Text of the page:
Tricia treasures all of the letters written by her daughters, Cameron and Kylie. And she also treasures what Cameron wrote during her Enlighten workshop when our Queensland Program Manager, Storm Greenhill-Brown, asked the girls to envision their future.

I would like to follow my dreams, passions and instincts; make a difference for people; and make an impact on the world.  I would find what makes me happy and stick with it; not be afraid of changes; and let myself get caught up in what I love.

Cameron O’Neill-Mullin, March 2011

I think Cameron is making a difference for people and making an impact on the world, because the writing ritual that she and her sister, Kylie, had with their mother shows us all a pathway to building strong, loving relationships with our daughters. I hope that this simple but powerful act of asking our daughters to write will catch on! We might just be amazed by what comes out when we ask our girls to put their thoughts and feelings on the page for us.


4 thoughts on “Mothers, Daughters, and the Ritual of Writing

  1. Storm Greenhill-Brown says:

    What amazing words to have written by a daughter. Tricia and Cameron must have had an amazing relationship. So honest and open. What a treasure. I absolutely love this concept and you couldn’t get a better present for Mother’s Day / Christmas than getting words and wisdom from your kids. It’s even more significant that they are from a beautiful teenager right at the time when i know i stopped telling my mum how much i valued and loved her and started pushing her away. I agree that writing is such a powerful tool to understand and unpack what is happening in your own head and i have many journals full of poems written over 5 years from when i was 15 onward. I wrote all the time but never to my family and i never shared any of my work with them either. Imagine if i could have been connecting with my mum in this way. It’s non-confrontational and intimate without being embarrassingly face to face which is so often hard as a teen. With permission from Tricia i would love to show this to the St Hilda’s girls in year 10 when i work with them again at the very end of this year. I would love Cameron to inspire them to give this gift to their own mum’s for Christmas. I too will be wearing my beautiful Cameron and Paris armband. Thank you so much Tricia for sharing this with us. I feel very priviledged to have been allowed to read your precious family memories.xxxxx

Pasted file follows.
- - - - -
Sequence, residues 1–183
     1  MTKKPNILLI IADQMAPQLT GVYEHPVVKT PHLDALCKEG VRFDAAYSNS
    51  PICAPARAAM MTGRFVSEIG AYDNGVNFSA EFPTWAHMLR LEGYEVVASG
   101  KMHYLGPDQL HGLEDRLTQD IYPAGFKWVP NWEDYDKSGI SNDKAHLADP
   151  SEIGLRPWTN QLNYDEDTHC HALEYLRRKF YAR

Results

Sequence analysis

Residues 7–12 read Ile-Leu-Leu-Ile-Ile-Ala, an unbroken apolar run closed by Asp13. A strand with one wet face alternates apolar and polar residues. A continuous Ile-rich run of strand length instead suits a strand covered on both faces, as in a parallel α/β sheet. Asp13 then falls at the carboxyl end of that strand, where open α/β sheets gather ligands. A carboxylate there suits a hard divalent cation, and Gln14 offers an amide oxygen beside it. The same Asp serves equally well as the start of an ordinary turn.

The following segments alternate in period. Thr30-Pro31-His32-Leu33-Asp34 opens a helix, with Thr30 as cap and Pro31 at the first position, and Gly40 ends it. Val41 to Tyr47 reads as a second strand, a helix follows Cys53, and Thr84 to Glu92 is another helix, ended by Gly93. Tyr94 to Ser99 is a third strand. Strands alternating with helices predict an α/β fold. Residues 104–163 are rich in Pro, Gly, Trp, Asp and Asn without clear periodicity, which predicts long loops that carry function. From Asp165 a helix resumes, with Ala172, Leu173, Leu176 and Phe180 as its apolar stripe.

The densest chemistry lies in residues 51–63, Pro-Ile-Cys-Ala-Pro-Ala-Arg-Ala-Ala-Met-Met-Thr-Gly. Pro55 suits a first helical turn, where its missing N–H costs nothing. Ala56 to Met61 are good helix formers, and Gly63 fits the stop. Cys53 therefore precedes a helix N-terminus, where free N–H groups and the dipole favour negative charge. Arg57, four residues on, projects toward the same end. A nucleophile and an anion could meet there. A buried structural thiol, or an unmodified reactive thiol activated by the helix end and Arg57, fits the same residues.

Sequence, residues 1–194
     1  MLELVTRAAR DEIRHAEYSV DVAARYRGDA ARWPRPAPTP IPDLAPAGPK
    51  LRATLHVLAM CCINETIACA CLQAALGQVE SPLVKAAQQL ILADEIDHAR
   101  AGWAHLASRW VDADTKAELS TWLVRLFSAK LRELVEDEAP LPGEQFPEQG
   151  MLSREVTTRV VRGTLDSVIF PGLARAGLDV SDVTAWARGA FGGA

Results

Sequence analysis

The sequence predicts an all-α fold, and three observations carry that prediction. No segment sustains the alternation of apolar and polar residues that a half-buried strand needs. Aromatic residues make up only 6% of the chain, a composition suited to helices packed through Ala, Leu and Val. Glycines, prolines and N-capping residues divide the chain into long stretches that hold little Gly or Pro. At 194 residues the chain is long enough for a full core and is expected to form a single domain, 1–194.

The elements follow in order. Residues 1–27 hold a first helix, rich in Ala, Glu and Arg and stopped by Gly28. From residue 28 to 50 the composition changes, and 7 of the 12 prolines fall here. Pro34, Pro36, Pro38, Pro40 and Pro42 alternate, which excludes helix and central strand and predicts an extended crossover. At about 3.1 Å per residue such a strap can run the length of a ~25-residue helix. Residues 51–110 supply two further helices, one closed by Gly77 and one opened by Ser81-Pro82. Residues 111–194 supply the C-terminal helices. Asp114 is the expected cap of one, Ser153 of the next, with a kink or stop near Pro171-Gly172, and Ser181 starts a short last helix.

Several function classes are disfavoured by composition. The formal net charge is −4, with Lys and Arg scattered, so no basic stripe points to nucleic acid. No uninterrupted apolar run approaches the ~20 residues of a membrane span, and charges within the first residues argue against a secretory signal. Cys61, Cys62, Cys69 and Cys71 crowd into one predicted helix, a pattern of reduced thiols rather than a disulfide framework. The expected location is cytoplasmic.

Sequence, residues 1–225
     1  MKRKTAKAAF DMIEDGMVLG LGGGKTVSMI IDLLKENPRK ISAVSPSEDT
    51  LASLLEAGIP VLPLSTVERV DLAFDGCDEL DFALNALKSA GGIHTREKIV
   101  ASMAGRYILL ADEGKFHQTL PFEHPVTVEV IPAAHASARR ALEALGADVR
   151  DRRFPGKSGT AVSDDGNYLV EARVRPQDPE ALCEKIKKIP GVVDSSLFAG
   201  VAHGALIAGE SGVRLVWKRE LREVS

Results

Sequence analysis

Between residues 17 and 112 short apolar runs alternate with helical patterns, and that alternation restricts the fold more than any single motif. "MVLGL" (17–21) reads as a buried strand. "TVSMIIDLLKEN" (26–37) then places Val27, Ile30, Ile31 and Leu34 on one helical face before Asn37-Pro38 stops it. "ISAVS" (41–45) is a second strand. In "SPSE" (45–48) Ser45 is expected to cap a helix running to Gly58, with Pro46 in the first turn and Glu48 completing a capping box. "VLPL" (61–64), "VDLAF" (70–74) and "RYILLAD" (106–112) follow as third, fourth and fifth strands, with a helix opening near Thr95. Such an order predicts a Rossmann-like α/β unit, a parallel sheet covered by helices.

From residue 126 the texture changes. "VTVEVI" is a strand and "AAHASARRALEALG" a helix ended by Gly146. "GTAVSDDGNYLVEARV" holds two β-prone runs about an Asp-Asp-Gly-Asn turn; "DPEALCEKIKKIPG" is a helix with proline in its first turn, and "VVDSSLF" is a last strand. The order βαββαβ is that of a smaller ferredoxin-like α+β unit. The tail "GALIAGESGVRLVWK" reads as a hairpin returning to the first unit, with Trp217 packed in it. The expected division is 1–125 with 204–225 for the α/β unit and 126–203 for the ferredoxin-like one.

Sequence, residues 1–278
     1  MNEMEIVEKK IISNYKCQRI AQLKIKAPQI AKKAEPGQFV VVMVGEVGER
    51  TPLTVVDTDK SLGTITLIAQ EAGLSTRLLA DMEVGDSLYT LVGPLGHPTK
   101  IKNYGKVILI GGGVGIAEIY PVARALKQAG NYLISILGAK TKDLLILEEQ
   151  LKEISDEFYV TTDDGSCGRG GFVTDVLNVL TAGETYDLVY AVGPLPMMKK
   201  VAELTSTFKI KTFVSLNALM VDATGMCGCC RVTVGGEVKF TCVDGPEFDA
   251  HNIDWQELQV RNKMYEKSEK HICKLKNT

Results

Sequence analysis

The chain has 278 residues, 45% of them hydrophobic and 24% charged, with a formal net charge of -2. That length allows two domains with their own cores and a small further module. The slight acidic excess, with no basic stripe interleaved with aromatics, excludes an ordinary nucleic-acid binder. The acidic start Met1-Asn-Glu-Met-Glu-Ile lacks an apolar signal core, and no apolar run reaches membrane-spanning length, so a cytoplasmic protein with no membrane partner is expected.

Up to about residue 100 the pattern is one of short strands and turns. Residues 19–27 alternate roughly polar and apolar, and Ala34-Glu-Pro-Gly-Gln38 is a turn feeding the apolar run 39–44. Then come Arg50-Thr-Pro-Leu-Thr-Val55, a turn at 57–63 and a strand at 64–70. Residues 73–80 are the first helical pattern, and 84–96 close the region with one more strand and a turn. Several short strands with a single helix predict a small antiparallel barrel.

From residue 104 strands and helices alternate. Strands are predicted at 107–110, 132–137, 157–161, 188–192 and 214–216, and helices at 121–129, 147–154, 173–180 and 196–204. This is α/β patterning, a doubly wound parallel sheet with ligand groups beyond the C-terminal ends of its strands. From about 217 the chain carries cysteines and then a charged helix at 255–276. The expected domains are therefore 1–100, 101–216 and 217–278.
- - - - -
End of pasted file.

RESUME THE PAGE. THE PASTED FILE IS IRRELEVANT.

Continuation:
2. Diane Illingworth says:

    This was a truly touching story that you have both shared. I am so pleased that those written words will now live on forever.
    Cameron wanted to make a difference in this world and she has. She is touching so many peoples lives with the words she has written. Storm is right. It is a priviledge to have been allowed to read about these precious family memories. Thank you Tricia and thank you Enlighten Education x

  3. Lucy says:

    Oh, they are such beautiful letters! You’re right, though! Writing is an incredible way to be able to express how we’re feeling and to visually decipher the mess that can sometimes be a teenage girls mind. To see your thoughts and ideas down on paper or on the screen, it helps to connect what’s helpful and what’s not and usually you can come to a conclusion by yourself, just by taking the time to mull over your own words.

    I hope that this beautiful ritual that Tricia had with her girls will catch on – I also hope that the art of letter writing (and I mean putting pen to paper, putting it in an envelope with a stamp and sending it) will still be around when I have children – I’d love to be able to cherish their words and capture their individuality through their handwriting!